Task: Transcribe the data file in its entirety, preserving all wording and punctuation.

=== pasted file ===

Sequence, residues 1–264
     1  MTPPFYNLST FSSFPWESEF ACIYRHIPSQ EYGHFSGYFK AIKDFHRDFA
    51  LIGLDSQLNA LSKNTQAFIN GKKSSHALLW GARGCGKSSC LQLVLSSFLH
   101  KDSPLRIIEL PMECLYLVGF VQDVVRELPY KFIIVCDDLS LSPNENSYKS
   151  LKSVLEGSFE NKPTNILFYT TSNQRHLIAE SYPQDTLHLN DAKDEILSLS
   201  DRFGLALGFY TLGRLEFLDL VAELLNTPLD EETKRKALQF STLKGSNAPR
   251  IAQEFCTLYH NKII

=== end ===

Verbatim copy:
Sequence, residues 1–264
     1  MTPPFYNLST FSSFPWESEF ACIYRHIPSQ EYGHFSGYFK AIKDFHRDFA
    51  LIGLDSQLNA LSKNTQAFIN GKKSSHALLW GARGCGKSSC LQLVLSSFLH
   101  KDSPLRIIEL PMECLYLVGF VQDVVRELPY KFIIVCDDLS LSPNENSYKS
   151  LKSVLEGSFE NKPTNILFYT TSNQRHLIAE SYPQDTLHLN DAKDEILSLS
   201  DRFGLALGFY TLGRLEFLDL VAELLNTPLD EETKRKALQF STLKGSNAPR
   251  IAQEFCTLYH NKII